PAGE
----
When it comes to goal setting with younger children, how do you explain it to them in the simplest way?
Scoring an "A" in class or being more responsible with their pocket money are simple academic and financial goals.
They might dream big goals like being a scientist or building space stations.
Equip adolescents with essential skills for setting goals, eventually these skills will inevitably help them achieve massive success in life.
Your role as a teacher's or parent's role is more of a mentor and instructor.
You have to keep it simple.
Here are some tips for adolescent goal setting:
With an adolescent, you often must lead by example.
The SMART attributes of specificity, measurability, attainability, relevancy, and timeliness are not likely to catch on so easily.
So here're things you can do:
If possible, give an example of a goal that you are working on. You truly need to lead by example. It's the best way to show them how to reach their goals.
An adolescent is NOT going to refer to a document specifying the tasks that need to be done, much less carry the plan around in his or her head!
Instead, use pictures or charts.
Paste these pictures on the refrigerator door or in their bedroom, which indirectly illustrates the tasks that they need to do.
Don't make up goals that carry little meaning, or give no benefit once attained.
Help the adolescent understand the true value of setting a goal and striving towards it.
Impress upon the youngster the importance of having meaningful goals in their life.
At this stage, they are probably dreaming crazy and creative goals, don't stop them. Teach them how to dream big and create realistic plan towards a meaningful goal.
Look for tasks that they enjoy doing. Then give them the responsibility to complete that particular task. This is a great way to start. The point is to show them how to stay committed to a small goal, while still having fun with it.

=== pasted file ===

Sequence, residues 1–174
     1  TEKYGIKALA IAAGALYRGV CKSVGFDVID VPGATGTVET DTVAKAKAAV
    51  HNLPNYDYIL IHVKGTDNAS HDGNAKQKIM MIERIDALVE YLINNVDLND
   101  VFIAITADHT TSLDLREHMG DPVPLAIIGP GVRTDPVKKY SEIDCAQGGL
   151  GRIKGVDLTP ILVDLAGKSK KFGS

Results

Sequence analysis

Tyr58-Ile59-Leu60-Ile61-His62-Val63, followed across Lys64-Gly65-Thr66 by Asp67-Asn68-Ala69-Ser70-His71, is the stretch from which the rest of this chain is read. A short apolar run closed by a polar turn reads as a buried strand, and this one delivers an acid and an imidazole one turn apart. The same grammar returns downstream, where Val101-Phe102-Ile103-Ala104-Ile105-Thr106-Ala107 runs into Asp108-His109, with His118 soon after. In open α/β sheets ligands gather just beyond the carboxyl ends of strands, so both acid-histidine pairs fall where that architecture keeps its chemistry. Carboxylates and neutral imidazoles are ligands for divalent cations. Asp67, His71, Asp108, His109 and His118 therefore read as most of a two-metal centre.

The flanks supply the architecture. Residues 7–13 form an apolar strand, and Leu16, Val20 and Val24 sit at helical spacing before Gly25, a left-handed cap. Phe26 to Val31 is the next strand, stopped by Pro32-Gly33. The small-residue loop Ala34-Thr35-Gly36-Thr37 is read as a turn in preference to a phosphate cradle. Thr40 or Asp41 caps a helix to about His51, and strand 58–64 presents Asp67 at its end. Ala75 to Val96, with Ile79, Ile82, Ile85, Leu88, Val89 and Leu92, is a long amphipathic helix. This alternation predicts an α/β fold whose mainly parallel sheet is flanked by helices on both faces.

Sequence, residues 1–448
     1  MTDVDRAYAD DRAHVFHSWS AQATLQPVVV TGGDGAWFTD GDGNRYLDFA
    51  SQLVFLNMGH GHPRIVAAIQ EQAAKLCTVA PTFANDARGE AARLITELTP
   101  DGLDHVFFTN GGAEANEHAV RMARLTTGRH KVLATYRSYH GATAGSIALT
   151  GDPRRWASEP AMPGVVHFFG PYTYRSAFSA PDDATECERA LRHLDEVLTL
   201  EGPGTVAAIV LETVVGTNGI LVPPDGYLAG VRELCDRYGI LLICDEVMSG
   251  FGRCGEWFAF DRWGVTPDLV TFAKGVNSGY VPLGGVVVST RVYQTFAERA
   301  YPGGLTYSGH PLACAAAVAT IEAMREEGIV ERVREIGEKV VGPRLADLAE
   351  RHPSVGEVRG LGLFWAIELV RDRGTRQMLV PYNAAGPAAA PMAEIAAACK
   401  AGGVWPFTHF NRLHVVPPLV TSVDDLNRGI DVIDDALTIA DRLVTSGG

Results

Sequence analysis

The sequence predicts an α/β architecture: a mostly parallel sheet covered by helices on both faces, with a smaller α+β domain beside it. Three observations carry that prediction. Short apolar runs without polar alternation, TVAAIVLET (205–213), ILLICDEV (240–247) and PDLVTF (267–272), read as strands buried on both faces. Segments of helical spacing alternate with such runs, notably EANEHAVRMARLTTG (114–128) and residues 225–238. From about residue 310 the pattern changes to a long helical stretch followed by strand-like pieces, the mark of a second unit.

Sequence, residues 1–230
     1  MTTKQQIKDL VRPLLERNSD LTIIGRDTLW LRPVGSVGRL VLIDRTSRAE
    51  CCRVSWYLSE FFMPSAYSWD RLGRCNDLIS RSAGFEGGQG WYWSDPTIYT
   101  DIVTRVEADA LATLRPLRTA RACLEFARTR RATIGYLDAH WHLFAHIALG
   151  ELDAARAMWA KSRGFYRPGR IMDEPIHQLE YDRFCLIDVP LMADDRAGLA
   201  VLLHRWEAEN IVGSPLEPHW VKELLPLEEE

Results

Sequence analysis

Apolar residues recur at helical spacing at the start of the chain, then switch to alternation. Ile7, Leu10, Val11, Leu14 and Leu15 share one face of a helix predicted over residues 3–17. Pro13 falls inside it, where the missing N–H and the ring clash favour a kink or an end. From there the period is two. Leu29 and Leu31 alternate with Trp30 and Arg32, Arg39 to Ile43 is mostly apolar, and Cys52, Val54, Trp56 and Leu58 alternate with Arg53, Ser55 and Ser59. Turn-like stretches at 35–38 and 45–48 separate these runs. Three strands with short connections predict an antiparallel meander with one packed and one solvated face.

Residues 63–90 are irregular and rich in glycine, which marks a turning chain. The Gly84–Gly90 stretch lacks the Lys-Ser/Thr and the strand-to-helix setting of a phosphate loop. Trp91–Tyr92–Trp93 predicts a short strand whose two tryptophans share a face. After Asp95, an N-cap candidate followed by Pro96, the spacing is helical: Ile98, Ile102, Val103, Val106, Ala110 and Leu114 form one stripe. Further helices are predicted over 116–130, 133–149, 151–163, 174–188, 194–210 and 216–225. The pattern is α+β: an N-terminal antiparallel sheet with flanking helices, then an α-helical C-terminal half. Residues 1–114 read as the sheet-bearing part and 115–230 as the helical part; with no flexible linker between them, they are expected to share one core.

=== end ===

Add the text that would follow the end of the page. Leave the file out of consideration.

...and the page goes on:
For example, if the adolescent enjoys using the computer, use the computer to illustrate the goal setting process with interesting pictures and videos.
The more fun you attach to the goal setting process, the more enjoyable their efforts may be.
However, working towards goals is not always fun and games. Give them a little encouragement when they hit any obstacles.
Adolescents will often take responsibility to accomplishing a goal if it makes them feel important.
Research in the field of management has found that making the people feel important can be a powerful tool in getting them to do something. The strategy works well for adolescents as well.
Upon achieving a goal, the adolescent should feel he or she has really accomplished something worthwhile, and not just done something Mom or Dad told them to do.
They'll gain greater appreciation for goal setting and what having goals can mean to their lives.
Hold a child accountable when working towards specific goals, like learning good study habits.
Don't reward them every time they do something right, you're not training a horse!
However, when they perform well consistently, a reward is well earned. Teach the value of accomplishment. Don't reward the child for doing what they were told to do, that's bribery. Instead, reward them for an accomplishment. For instance, reward them if they've learned good study habits throughout the semester.
The best of all worlds is when reaching the goal has its own rewards.